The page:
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  • Re: 912 UL hesitation

    by » 4 months ago


    Thank you for the comment. I will report back after my next flight. I have been flying behind this engine for many years And having never experienced this particular hiccup I was rather surprised. You are correct about the technique being necessarily smooth. 

     


  • Re: 912 UL hesitation

    by » 4 months ago


    Jay,

    There is nothing in the Operators Manual about avoiding rapidly advancing throttle to prevent causing the engine to “choke” or stumble. Quite the contrary, there’s a note to avoid reducing, then abruptly advancing, throttle to avoid stressing the gearbox. This is because the engine responds instantaneously to throttle advancement.  

    A fully warmed, properly designed, properly tuned, normally aspirated Otto cycle engine, carburetors or injected, 3hp or 300hp- should not stumble upon rapid application of throttle. My push lawn mower, my 1967 Alfa Romeo with dual Webers, and my Rotax 912UL all respond smoothly and instantaneously to rapid throttle input, and your engine should too. 
    There’s a problem, it’s there- find the problem and correct it.


  • Re: 912 UL hesitation

    by » 4 months ago


    I tend to agree with Jim's statement, but details matter. A simple normal old fashion carb has a fixed diameter throat into which is sucked atomized fuel from the bowl through a fixed-diameter main jet. A sudden opening of the throttle, after an initial pulse, causes the air flow velocity to drop, starving the engine of fuel until the motor rpm increases and flow picks up. Back in the days of carb'ed cars, an accelerator pump was added to squirt in extra fuel to cover the gap. They could squirt in too much or too little, but it fixed the problem, sort of. All Lyc/Con carbed engines use this simple arrangement, some with accelerator pumps and some without. Hence, they will stumble or even quit when the throttle is rammed forward.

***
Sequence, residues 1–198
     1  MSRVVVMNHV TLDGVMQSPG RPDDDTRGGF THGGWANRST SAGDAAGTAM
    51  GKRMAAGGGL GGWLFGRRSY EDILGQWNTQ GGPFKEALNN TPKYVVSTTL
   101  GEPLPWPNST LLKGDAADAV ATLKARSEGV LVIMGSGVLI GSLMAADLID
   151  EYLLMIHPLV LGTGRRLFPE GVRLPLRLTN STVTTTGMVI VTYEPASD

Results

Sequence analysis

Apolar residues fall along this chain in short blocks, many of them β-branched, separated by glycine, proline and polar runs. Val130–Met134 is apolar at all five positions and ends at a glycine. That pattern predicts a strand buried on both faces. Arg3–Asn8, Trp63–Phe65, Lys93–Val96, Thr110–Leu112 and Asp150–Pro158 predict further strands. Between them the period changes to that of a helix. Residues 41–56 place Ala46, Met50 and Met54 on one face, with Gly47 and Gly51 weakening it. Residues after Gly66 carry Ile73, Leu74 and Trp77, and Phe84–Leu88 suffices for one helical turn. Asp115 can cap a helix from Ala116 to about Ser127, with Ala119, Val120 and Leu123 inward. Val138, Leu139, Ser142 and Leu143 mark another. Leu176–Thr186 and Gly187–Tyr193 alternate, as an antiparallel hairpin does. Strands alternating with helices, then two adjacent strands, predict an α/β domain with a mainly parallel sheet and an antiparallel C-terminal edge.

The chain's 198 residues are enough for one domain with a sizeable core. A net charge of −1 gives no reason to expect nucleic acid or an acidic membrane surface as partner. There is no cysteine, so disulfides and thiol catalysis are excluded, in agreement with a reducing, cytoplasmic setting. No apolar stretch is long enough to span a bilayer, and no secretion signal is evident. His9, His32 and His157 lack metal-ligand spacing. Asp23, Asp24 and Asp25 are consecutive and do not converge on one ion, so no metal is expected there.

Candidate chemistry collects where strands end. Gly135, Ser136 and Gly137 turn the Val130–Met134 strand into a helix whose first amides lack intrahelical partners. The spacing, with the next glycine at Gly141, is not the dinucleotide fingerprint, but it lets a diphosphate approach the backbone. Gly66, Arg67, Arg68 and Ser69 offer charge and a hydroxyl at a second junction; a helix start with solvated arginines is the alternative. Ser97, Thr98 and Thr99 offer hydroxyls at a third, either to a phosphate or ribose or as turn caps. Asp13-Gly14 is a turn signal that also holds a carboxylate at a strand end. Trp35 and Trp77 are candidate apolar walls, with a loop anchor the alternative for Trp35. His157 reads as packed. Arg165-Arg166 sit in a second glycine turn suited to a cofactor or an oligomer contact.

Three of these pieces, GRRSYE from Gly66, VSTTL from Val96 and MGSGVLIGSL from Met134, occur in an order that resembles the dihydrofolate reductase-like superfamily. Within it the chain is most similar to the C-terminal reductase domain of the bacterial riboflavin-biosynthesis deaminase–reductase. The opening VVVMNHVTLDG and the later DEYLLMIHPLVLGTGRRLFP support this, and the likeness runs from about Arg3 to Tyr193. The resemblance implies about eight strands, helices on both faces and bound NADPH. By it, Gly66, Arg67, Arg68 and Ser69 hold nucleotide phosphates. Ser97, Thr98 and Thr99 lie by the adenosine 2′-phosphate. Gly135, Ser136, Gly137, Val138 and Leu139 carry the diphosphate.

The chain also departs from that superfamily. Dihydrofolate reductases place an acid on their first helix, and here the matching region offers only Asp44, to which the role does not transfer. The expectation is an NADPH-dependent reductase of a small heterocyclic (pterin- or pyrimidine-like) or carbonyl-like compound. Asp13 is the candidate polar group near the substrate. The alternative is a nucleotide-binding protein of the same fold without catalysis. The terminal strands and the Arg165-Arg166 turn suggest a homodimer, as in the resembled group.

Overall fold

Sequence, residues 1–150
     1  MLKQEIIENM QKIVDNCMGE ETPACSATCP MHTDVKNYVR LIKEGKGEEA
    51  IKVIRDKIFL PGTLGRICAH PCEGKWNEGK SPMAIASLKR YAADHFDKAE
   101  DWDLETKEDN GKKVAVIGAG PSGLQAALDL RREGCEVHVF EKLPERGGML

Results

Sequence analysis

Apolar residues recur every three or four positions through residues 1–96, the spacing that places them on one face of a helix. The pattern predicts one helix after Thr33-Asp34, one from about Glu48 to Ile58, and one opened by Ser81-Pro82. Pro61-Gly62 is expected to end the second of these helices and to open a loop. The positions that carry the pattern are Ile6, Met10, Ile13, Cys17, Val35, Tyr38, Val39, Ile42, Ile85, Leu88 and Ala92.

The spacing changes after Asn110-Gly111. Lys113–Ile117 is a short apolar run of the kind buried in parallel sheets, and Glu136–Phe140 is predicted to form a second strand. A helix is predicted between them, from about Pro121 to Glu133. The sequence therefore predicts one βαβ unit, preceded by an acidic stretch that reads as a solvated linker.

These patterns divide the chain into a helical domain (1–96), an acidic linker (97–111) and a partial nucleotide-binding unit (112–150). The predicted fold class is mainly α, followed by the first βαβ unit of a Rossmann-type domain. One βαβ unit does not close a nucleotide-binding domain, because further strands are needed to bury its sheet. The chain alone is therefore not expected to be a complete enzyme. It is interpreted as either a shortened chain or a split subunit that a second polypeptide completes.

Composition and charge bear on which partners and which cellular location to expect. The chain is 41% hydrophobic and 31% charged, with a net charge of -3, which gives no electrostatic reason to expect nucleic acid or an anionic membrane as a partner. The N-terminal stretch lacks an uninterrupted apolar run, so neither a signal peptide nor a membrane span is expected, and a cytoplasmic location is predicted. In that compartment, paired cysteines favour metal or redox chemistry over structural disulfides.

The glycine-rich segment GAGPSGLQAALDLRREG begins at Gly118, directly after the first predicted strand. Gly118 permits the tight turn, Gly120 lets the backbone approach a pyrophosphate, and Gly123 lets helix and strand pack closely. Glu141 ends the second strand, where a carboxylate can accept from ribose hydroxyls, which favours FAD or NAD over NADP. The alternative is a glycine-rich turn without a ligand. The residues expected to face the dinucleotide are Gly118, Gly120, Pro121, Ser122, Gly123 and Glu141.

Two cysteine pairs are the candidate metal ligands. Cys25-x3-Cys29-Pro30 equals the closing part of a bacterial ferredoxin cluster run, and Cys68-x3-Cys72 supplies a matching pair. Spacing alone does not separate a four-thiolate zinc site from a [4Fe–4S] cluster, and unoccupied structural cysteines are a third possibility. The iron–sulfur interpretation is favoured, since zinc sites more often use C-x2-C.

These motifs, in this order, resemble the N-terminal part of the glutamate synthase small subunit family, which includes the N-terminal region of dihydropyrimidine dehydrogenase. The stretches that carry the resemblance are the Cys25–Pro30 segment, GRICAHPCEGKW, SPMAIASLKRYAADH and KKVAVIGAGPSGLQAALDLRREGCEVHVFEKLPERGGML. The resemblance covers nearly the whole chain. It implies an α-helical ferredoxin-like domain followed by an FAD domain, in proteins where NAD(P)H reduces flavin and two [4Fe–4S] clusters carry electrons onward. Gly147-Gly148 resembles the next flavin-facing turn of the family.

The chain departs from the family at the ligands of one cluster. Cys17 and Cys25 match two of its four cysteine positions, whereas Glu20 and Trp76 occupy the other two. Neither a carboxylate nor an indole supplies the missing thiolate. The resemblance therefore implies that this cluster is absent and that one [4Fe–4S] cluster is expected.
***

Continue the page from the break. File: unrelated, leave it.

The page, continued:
This was a real problem for motorcycles of the 50/60/70/80's where a sudden rush or burst of power could toss you onto the ground. An improvement was had by eliminating the butterfly and attaching the throttle cable directly to a slide which also controlled the mixture via a needle poking down from the bottom and into the main jet orifice. A final solution was to again use the butterfly, but retain a slide that was opened based on pressure drop. These CV (constant velocity) carbs work very well.

    The Bing is a CV carb ==> the engine should not stumble, even if the throttle is suddenly opened!

    Since the appeared after a carb rebuild, I suspect something got put back together not quite right. Is the diaphragm rotated correctly and seated on the notch? Or perhaps, as I discovered after my first rebuild, somebody, while installing the needle bent it while getting the clip on? Or perhaps a slide is sticking for some reason. IMO, further investigation is needed.

    A reference: http://dansmc.com/cv_carb.htm

     


    Thank you said by: Sean Griffin

  • Re: 912 UL hesitation

    by » 4 months ago


    Hi Jeff & Jim,

    Never too old to learn - thanks for the update on throttle / choke action, especially the reference, very clear/well written.

    My apologies to Jay for promoting/misleading obsolete knowledge.


  • Re: 912 UL hesitation

    by » 4 months ago


    Sean Griffin, that was a refreshingly nice apology.

     


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